Air pollution could cut life expectancy by 9 yrs in N India, in Maha, MP by additional 2.5 yrs:Study
India's air pollution levels have expanded geographically over time and increased so much in Maharashtra and Madhya Pradesh that an average person is now losing an additional 2.5 to 2.9 years of life expectancy, according to a new report.
India is the most polluted country in the world, with more than 480 million people or about 40 percent of its population living in the Indo-Gangetic plains in the north where pollution levels regularly exceed those found anywhere else in the world by an order of magnitude, stated the University of Chicago's Air Quality Life Index (AQLI) report.
The study by the varsity's Energy Policy Institute ascertains how much longer a person can live if they breathe clean air.
Residents of northern India are on track to lose more than nine years of life expectancy if pollution levels of that of 2019 persist as the region experiences the most extreme levels of air pollution in the world, it said.
In 2019, India's average particulate matter concentration was 70.3 microgram per cubic meter (μg/m3 ), the highest in the world and seven times the World Health Organisation's guideline of 10 μg/m3, the report said.
It said that alarmingly India's high levels of air pollution have expanded geographically over time.
''Compared to a couple of decades ago, particulate pollution is no longer a feature of the Indo-Gangetic plains alone. Pollution has increased so much in the states of Maharashtra and Madhya Pradesh. For example, the average person in those states is now losing an additional 2.5 to 2.9 years of life expectancy, relative to early 2000,'' the report said.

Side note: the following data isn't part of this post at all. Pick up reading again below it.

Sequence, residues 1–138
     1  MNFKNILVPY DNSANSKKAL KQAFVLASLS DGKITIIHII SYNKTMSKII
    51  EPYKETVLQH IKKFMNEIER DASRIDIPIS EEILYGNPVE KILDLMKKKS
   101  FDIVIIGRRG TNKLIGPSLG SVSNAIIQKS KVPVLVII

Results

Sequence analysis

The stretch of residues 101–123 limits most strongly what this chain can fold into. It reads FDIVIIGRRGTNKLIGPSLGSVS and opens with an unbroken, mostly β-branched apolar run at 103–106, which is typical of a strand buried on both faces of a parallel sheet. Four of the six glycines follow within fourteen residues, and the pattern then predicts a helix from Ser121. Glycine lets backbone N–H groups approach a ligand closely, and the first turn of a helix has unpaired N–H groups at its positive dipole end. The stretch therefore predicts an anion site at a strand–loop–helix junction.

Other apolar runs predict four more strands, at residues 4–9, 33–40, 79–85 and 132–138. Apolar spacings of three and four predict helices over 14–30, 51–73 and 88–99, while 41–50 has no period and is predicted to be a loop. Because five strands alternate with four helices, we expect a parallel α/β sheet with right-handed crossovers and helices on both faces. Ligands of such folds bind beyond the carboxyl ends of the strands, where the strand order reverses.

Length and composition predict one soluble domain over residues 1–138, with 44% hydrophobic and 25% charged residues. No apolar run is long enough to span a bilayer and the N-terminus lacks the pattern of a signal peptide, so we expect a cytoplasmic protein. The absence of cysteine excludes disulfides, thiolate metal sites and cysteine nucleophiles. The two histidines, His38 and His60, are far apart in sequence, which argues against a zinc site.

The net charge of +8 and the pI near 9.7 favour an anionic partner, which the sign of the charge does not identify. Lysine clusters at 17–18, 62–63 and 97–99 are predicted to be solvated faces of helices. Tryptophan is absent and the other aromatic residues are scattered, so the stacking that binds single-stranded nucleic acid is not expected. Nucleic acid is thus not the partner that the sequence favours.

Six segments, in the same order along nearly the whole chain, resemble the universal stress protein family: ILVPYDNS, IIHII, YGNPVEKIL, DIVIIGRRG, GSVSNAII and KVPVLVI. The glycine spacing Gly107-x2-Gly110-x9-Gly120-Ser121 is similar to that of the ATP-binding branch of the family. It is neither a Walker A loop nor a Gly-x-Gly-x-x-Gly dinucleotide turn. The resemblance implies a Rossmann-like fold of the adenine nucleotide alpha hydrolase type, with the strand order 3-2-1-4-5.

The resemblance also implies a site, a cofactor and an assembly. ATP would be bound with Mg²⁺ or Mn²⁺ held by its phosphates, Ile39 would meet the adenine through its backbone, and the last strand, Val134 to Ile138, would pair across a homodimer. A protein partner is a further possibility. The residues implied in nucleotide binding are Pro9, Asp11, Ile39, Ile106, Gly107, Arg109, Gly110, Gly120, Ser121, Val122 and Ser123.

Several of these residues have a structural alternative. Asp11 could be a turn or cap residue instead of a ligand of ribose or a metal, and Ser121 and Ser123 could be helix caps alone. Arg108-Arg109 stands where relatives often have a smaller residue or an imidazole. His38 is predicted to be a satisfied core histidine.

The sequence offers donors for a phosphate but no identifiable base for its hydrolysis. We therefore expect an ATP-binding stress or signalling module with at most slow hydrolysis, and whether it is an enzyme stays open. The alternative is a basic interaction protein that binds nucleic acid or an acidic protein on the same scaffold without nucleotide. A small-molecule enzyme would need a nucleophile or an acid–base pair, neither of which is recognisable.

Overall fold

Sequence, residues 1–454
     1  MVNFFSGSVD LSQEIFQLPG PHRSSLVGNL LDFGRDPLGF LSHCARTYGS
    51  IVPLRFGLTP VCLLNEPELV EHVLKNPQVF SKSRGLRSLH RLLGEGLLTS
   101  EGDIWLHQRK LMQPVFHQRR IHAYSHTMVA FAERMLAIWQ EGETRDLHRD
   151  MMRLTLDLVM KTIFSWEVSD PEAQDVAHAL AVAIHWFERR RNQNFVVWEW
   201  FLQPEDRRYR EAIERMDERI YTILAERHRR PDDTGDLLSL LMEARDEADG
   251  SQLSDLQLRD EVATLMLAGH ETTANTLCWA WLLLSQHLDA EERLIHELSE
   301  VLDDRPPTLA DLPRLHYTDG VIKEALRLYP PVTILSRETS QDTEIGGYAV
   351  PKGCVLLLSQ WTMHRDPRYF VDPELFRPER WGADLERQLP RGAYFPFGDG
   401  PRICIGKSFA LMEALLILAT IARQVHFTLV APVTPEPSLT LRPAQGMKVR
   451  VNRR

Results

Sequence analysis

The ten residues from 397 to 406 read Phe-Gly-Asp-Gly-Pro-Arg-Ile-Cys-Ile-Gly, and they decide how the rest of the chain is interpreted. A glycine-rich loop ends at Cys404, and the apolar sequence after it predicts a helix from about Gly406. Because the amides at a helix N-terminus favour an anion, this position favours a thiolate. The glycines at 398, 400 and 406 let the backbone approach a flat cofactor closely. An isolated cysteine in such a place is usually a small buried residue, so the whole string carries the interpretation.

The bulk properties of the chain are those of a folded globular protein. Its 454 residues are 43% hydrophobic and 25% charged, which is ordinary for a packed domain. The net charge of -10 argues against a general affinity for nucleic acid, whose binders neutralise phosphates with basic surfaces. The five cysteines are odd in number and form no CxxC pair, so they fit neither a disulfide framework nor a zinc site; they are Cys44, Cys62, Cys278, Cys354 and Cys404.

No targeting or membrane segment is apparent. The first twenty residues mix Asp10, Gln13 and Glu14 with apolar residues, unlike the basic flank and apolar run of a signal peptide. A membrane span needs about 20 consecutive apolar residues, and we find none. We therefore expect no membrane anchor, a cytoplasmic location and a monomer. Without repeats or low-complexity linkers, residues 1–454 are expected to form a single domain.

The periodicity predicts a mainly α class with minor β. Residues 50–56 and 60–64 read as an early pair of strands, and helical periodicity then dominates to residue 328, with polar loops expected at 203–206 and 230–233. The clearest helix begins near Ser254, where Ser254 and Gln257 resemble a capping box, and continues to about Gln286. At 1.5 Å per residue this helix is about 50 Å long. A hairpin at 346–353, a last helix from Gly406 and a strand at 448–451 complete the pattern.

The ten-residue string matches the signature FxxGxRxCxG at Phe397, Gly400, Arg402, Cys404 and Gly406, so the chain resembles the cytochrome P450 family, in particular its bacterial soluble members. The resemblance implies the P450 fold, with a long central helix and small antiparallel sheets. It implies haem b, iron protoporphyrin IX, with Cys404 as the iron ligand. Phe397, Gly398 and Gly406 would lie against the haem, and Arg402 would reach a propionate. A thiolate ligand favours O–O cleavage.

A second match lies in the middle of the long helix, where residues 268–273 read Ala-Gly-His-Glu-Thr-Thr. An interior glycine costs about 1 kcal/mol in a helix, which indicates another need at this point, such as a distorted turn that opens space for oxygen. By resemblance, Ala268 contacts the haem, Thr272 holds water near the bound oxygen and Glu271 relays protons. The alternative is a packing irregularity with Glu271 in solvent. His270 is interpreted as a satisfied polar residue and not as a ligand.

''Due to South Asia's high population and pollution concentrations, the region accounts for 58 percent of total life years lost due to particulate pollution exceeding the WHO guideline,'' it said.
The benefits of clean air policy are even greater in the Indo-Gangetic plains, where 480 million people regularly breathe pollution levels that exceed those found in Europe and North America by an order of magnitude, the report said.
''Average life expectancy across these four countries would be 5.6 years higher if pollution concentrations complied with the WHO guideline,'' it said.
In India and Pakistan, the number of vehicles on the road has increased about fourfold since the early 2000s while in Bangladesh, India, Nepal, and Pakistan combined, electricity generation from fossil fuels tripled from 1998 to 2017, the report said.
Crop burning, brick kilns, and other industrial activities have also contributed to rising particulates in the region, it said.
The AQLI, the report said, particulate pollution is the world's greatest threat to human health.
''South Asia is consistently the most polluted region, with the people they're seeing their lives shortened by an average of 5 years relative to what it would be if the region met the WHO guideline—and even more in the most polluted parts of the region like northern India,'' the report said.
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